May 22 is an important day in aviation history. It’s also an important day in legal history. In 1906, the Wright Brothers were granted the patent on a flying machine, and in doing so, fired the first shot in one of the longest and detrimental aviation legal fights in history. The legal ramifications of how to enforce this patent would travel across oceans, hinder war efforts and even outlive one of the patent holders.

When the Wright’s developed their flying machine, they maneuvered it by warping the wings, using a front mounted elevator and a rudder to keep the turns coordinated. This was a revolutionary approach that combined the best possible information about aerodynamics and control systems at the time. It was the kind of work you would want to patent. And patent they did.

Orville and Wilbur were scrappy engineers and shrewd businessmen. They knew that vigorously defending their patent was going to help them continue to build their fortune and dominate the rapidly burgeoning field of aviation. They sued just about anyone that had inflight control of a flying machine — and often times won. At least in a court of law. The court of public opinion was not as kind to the brothers. It was rumored that fellow aviators frequently said, “If someone were to jump in the air and wave their arms, they’d hear from the Wright’s lawyer.”

For a time, the Wrights were able to help stave off competitors in the United States. Unfortunately for them, innovation kept happening abroad. Even stateside, the old adage “Constraint breeds creativity.” held true. The French in particular had some ideas about how to get around wing warping. They called it the “aileron” … or little wing. These moveable flaps gave the pilot of the aircraft lateral control without the need for wing warping — the most contentious part of the patent. Innovation wasn’t going to be held back because of a legal battle. It marched on in far off corners of the world.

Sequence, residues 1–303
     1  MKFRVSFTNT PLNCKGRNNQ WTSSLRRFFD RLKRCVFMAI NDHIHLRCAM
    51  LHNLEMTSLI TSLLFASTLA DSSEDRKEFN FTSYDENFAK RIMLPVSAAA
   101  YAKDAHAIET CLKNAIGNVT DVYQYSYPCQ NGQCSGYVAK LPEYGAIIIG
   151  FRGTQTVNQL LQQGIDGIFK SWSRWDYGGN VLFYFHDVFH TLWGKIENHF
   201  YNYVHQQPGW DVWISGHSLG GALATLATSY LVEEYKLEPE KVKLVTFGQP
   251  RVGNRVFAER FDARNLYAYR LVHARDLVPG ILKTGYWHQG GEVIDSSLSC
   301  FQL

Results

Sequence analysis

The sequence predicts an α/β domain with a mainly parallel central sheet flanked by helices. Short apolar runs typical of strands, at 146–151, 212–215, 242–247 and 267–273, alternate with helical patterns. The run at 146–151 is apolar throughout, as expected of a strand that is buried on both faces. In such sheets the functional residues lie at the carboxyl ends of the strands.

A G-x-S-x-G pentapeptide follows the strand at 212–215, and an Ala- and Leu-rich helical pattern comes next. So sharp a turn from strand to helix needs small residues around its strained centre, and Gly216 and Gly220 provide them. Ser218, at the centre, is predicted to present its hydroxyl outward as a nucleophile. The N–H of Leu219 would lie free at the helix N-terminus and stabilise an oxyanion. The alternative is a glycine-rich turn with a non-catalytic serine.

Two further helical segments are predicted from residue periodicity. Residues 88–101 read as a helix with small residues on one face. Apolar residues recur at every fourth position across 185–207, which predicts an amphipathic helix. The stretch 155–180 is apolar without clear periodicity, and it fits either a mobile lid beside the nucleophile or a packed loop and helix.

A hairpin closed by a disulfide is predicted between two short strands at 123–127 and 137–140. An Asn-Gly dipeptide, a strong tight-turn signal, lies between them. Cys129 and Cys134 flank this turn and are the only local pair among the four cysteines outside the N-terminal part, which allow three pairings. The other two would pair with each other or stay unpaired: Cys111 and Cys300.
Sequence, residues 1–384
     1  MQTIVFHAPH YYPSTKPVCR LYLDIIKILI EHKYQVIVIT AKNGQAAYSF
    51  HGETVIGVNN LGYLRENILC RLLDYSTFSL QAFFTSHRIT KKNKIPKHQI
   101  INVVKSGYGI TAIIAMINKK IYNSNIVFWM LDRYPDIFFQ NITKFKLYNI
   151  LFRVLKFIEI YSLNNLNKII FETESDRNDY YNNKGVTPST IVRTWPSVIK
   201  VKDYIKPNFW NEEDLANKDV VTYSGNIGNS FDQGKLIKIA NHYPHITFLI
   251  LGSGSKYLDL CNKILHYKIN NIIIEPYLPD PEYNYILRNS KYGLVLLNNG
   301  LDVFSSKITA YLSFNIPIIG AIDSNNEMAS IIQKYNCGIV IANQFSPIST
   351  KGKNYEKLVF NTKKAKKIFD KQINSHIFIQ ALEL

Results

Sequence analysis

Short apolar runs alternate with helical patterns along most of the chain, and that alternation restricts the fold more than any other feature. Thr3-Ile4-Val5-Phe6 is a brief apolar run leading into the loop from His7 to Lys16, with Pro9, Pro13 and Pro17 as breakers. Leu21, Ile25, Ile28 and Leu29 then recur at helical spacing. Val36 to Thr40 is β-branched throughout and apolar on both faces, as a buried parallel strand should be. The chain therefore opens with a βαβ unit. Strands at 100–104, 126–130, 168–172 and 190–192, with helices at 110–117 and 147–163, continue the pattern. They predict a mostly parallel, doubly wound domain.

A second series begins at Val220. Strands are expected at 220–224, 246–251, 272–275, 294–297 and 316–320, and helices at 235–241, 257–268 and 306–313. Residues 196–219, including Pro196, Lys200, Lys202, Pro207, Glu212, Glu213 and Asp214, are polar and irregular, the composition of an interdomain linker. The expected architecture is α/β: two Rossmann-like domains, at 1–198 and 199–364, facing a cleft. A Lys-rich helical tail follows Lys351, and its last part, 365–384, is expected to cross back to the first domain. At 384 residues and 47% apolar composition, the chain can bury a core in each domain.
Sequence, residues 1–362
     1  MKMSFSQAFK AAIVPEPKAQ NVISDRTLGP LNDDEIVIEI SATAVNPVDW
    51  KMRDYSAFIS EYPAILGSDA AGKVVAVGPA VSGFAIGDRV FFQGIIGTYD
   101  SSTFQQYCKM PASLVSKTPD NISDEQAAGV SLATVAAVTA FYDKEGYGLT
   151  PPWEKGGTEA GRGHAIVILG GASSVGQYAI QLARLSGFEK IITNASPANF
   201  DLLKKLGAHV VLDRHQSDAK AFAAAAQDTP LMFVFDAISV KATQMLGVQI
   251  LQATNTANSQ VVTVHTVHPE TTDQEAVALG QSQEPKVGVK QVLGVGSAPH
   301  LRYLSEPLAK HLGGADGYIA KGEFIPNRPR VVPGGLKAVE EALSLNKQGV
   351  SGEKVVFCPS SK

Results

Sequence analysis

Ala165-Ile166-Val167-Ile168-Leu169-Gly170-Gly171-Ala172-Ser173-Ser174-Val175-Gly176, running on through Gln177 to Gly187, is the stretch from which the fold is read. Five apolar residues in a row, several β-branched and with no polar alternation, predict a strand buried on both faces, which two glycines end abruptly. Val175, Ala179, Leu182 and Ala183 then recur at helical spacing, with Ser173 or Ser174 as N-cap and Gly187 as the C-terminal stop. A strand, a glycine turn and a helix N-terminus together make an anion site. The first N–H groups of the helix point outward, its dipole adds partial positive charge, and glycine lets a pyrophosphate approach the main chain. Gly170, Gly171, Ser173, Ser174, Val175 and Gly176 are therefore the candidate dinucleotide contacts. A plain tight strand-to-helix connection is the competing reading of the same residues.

The patent wars continued even as real war broke out. Famously, American Pilots had to fly European aircraft in World War 1 because American innovation had spent far more time drawing up legal documents than new aircraft designs. The Wright’s were suffocating the industry they created.

By 1915, just 12 years after their first flight, almost every single new aircraft designed was using ailerons rather than wing warping for control. The Wrights had made their money and either died or retired, the lawyers had made their money, but now Europe was far ahead in designing superior aircraft. The damage had been done.

We’re in a unique place in the drone industry. In many ways, we’re at a similar cross roads. Innovation is outpacing regulation and globalization is insuring that the most nimble executors are being rewarded in the market place.

As we approach the next phase of this industry and undertake the broad implementation of a UTM system, it’s more imperative than ever to insure interoperability by baking it in from the start and even more importantly, creating that interoperability on open standards. Like the internet, the UTM system is going to get more useful and robust as there are more providers utilizing it. It’s going to require competing companies to “peer” with each other, and above all, continue to collaborate on the system going forward.

At Kittyhawk, we’re paying close attention everyday for ways to make our UTM offerings more robust in the larger UTM ecosystem. A good analogy for the problem at hand is a cell phone that can only make calls to it’s own carrier. What good is a cell phone that can only call another person on the same carrier? Imagine a wedding toast in that world, “All of this almost didn’t happen because my beautiful wife refused to switch to my cell phone carrier — So I switched to hers.”

There’s so much more opportunity when private industry is able to effectively collaborate. As was oft quoted to me in school, those that don’t study history are doomed to repeat it. A “winner take all” system isn’t going to serve the public or the industry as well as robust standards. Remember that Southwest and United fly into the same airports. Delta and American all talk to the same air traffic controllers. Common standards and open use are the bedrock of creating a sustainable ecosystem for our industry both domestically and abroad.

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